- Economies of speed are as important as economies of scale and economies of scope for firms, cities, and metropolitan regions to compete.
- The primary metrics for aerotropolis planning are not space and distance, but time and cost of connecting to suppliers, customers, and enterprise partners — locally, nationally, and globally.
- A well-designed aerotropolis functions as an “urban pipe”, minimizing the time-cost frictions of space and distance, thereby increasing both firm and regional operational efficiencies.
- Businesses should be steered to locate in proximity to the airport based on their frequency of use to reduce traffic while improving time-cost access.
- Dedicated airport expressway links (aerolanes) and airport express trains (aerotrains) should efficiently connect airports to major regional business and residential concentrations.
- Special truck-only lanes should be added to airport expressways, as should improved interchanges to reduce congestion.
- Airport-area goods-processing activities (manufacturing, warehousing, trucking) should be spatially segregated from white-collar service facilities and airport passenger flows.
- Noise and emission-sensitive commercial and residential developments should be sited outside high-intensity flight paths.
- Cluster rather than strip development should be encouraged along airport transportation corridors with sufficient green space between clusters.
- Form-based codes should establish general design standards for airport-area buildings, walkways, travel lanes, landscaping, and public space.
- Placemaking and wayfinding enhanced by thematic architectural features, public art, and iconic structures should make aerotropolis developments interpretable, navigable, and welcoming.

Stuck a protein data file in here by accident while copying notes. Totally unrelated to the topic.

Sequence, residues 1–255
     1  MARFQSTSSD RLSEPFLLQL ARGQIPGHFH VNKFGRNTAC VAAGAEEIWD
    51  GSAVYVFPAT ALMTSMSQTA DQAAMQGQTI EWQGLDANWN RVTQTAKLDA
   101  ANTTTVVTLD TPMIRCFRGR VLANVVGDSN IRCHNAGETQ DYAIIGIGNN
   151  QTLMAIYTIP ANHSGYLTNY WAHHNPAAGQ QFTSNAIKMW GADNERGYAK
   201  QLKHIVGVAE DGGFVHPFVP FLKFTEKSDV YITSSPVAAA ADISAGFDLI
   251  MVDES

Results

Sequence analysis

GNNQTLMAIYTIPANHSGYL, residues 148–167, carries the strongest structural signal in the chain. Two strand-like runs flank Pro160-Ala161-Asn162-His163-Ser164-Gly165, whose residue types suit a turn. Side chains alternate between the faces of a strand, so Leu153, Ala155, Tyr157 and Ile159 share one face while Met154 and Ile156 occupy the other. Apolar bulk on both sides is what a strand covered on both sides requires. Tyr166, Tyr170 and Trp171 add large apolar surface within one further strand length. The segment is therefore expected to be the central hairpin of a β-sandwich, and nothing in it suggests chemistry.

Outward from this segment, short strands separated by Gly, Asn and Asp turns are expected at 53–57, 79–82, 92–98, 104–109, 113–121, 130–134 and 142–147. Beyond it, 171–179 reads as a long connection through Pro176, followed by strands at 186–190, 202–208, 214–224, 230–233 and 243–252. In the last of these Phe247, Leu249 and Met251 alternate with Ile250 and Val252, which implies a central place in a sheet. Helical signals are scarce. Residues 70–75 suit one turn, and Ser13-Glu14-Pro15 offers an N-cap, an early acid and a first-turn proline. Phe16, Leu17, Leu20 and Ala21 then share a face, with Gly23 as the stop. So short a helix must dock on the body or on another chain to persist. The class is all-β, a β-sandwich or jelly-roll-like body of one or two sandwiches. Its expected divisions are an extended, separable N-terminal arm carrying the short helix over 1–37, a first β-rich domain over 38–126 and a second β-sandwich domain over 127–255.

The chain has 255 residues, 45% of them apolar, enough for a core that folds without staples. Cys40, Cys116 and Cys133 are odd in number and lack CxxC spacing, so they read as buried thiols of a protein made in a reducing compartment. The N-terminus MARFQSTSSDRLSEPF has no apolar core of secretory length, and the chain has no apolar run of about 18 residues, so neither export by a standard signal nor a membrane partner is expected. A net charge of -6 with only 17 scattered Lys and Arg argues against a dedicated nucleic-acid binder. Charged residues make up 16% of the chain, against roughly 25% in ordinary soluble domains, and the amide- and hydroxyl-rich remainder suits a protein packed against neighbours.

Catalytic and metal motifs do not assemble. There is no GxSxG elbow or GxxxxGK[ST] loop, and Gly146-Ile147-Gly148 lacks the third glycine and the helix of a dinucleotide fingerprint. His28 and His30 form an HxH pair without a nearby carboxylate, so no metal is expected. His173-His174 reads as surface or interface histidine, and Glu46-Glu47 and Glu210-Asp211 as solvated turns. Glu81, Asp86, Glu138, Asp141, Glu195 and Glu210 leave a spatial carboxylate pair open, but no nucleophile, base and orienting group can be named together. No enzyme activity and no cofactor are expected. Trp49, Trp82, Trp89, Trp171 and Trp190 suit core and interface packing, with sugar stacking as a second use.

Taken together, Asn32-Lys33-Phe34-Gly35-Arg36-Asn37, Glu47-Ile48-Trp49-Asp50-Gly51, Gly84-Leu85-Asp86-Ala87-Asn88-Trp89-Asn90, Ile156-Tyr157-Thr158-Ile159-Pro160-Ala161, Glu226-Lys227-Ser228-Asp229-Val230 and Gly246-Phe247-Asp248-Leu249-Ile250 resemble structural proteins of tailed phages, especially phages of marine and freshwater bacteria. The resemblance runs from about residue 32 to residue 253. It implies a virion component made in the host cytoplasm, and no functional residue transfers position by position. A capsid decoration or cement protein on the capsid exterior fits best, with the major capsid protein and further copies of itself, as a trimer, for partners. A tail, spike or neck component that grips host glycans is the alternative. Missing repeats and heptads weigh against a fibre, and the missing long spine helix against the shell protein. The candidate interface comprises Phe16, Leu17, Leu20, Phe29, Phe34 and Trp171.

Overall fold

- Mixed-use residential/commercial communities housing aerotropolis workers and frequent air travelers should be developed with easy commutes to the airport and designed to human scale, providing local services, urban amenities, walkability, and sense of neighborhood.
- Developing and attracting skilled labor and talent must complement infrastructure and logistics improvements for the aerotropolis to move up the commercial/industrial value chain.
- A globally competitive aerotropolis will not likely evolve on an ad hoc basis. Rather, it needs to be guided by a shared vision, strategy, and coordinated actions among the private, public, and institutional sectors.
- In absence of a capable and effective implementation organization, even the best aerotropolis development plans and strategies will fail.
The bottom line is that aerotropolis development and “smart urban growth” that is economically and technologically efficient as well as environment-, resident-, visitor-, and worker-friendly can and should go hand in hand. The same can be said for improving matches between new aerotropolis businesses and endogenous airport-area workforces and economies through upgrading local labor force skills and developing community projects and services that appeal to air travelers.
There are immense challenges, of course, to implementing an integrated aerotropolis strategy that will accomplish such outcomes along with others noted in the bullet points above. Yet, these outcomes will not likely occur under most current airport-area planning approaches, which tend to be localized, politically and functionally fragmented, and often conflicted. A more comprehensive approach is required integrating airport planning, urban and regional planning, and business-site planning domains in a synergistic manner so that future aerotropolis development will be more economically efficient, aesthetically pleasing, socially inclusive, and environmentally sustainable. The real question is not whether aerotropolises will evolve around major airports (for they surely will). It is whether they will form and grow in an intelligent manner, minimizing problems and bringing about the greatest returns to the airport, its users, businesses, surrounding communities, and the larger region it serves.
One of the ten ideas that will change the world.